Using your outline as a guide, you can create a first draft by writing out each of your points in full detail. Aim for simplicity and clarity in your writing. Be direct by using short words, sentences and paragraphs. Choose everyday words that most audiences will be able to easily understand. Everything you write should contribute to fulfilling the goal of your document.
Once you create the first draft, give yourself a chance to read it over, and look for areas that could use more direct wording or clarification. If possible, ask a trusted peer or coworker to look over your writing, which will help you approach the document with a new perspective.
5. Check for accuracy and proper grammar.
Carefully proofread to ensure your spelling, grammar and punctuation are correct throughout.
You should also use this time to double-check the details you’ve included such as dates, figures and charts. You may also want to verify the names of people, places and organizations, including spelling and capitalization.
What is business writing?
Business writing is a form of written professional communication. Business communications can be internal (written only for those within a company) or external (written for clients or target customers). All business writing should be substantive and practical. The goal is to communicate your information as clearly, accurately and quickly as possible. Emails, proposals, reports, memos and many other types of documents are all considered business writing.
Business writing tips and techniques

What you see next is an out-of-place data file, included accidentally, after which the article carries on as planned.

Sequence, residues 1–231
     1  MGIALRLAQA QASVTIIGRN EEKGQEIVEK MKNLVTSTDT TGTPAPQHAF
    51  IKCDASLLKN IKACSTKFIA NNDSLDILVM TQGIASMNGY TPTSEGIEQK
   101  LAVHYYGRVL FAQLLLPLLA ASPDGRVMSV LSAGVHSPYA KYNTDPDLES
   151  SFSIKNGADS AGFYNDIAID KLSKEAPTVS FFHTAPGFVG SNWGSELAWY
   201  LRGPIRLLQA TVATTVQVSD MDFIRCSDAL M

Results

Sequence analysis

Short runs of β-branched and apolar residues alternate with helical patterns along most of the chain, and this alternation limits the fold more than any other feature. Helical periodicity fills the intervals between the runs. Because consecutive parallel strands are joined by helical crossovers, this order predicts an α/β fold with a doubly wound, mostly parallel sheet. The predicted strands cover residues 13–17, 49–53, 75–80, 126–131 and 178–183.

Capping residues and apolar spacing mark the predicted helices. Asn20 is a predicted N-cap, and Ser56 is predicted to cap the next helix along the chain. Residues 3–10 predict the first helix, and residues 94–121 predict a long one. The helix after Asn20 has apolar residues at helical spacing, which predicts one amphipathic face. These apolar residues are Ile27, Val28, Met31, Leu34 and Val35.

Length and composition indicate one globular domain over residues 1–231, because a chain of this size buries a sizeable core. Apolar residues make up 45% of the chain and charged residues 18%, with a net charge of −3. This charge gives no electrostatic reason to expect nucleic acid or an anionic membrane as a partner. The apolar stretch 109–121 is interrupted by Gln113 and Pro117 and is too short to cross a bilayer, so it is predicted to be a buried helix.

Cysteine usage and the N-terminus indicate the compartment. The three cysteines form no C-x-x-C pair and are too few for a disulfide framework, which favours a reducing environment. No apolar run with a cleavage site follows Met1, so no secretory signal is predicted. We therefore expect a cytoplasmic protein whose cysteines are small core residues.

Use these tips and techniques to further develop your business writing skills:
Write the points of your plan in any order
It can sometimes be easier to know how to finish a point than it is to know where to start. Begin with the information you are most comfortable and confident with, then go back and complete the rest.
Use the active voice
The active voice gives clarity to writing and avoids unnecessary wordiness. In active voice, the subject of the sentence performs the action, but in the passive voice, the subject is acted on by the verb. For example, “The car was hit by the truck” is a passive sentence. “The truck hit the car,” which instead puts the idea in the active voice, is more concise and helps the reader quickly understand the point of the sentence.
Divide your writing into easily identifiable sections. Using headings and subheadings makes it easier for the reader to scan and to move to an area of focus.
Support your statements
A paragraph should begin with a statement of its main idea, but that idea will be more convincing if you support it with facts. When you have the opportunity, expand on any information you provide by using examples.
How do I improve my business writing?
- Uses plain language.
- Has a purpose.
- Makes a point, and supports that point with relevant information.
- Has information that is connected.
- Uses appropriate words in concise, accurate sentences.
- Is persuasive.
- Includes a call to action.
What makes good writing in business?
- Be Clear & Concise. …
- Know Your Audience. …
- Plan Your Approach. …
- Take Advantage of Online Tools. …
- Edit and Edit Again. …
- Use Online Courses to Improve Your Skills. …
- Have Someone Else Read Your Writing. …
- Don’t be Afraid to Get Creative.